My thoughts are that we need to learn to live within the productive capability of our land and our climate. Yes – manipulate productivity through grazing management or crop rotation with a view to no bare or devoid of life soil, ever – but manage the land within the bounds of productive capability – not productive potential achieved by JUST correcting all limiting deficiencies and having it rain just when and as ordered. That is an arrogance we are paying dearly for now – in many ways – not the least of which is the stupid price we pay for land and the unreasonable levels of production required to service the debt loads that go with that.
Many people are trapped – trying to support debt burdens beyond the productive capability of their places to support. This has come about because we have for decades valued places upon productive potential - not productive reality. The reality of production has nothing to do with being able to crop all of your country each year, nor of expecting pasture growth year round and then expecting prices to be equal to your costs of production – let alone the amazing dream that is seldom realised that prices received should actually be profitable!
I discovered something some thirty years ago that has been a guiding philosophy for me ever since, and has assisted me in increasing productive potential on all land that I have had stewardship of in whatever guise since then. This simple truth was that there is no such thing as drought – at least not in the parts of Australia that I have lived!!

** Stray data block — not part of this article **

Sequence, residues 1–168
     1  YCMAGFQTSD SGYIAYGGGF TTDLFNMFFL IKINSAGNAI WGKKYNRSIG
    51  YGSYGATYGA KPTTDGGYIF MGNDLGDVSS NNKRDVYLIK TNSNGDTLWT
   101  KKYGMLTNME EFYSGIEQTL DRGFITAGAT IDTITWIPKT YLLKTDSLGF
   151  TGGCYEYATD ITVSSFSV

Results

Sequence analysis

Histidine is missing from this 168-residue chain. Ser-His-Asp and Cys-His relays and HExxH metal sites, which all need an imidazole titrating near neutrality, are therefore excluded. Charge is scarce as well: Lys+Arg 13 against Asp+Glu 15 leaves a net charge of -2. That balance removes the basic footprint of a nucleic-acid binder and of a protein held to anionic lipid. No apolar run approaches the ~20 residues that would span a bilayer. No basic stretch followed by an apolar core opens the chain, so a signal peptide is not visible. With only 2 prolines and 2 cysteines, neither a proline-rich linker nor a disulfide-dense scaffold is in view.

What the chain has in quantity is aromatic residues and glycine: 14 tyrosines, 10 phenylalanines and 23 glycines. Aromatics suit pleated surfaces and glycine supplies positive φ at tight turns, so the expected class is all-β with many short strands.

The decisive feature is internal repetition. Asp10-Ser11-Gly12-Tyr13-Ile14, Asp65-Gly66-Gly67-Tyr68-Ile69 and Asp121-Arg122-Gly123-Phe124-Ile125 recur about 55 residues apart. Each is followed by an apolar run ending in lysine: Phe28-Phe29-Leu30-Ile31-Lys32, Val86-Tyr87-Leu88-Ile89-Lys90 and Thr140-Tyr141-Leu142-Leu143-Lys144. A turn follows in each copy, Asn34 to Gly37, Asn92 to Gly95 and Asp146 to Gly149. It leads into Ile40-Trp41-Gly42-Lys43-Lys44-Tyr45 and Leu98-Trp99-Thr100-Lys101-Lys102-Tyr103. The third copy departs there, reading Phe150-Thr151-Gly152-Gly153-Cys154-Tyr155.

I say this tongue in cheek – because what I learned was that in nearly every year the majority of the year is drought – even in years that achieved or exceeded average rainfall! This is because the timing of rainfall is seldom equitable, and seldom supportive of growth evenly throughout the year. I believe the key to successfully nurturing the productive potential is to work within the limitations of productive capability determined by the climate – and that is what land values should be based upon – not productive potential that is only achieved if by some strange happenstance all the stars and planets align and give us a great year with ideal rainfall distribution and temperatures.
I am open to any interaction and or reaction that these ponderings may induce – for I value the opinions of all who care to voice their carefully considered opinions – it can only broaden my perception and add to my growth. If no responses are elicited I hope sincerely that this Pondering may promote further thought or provide insight to you. Take care and enjoy the process.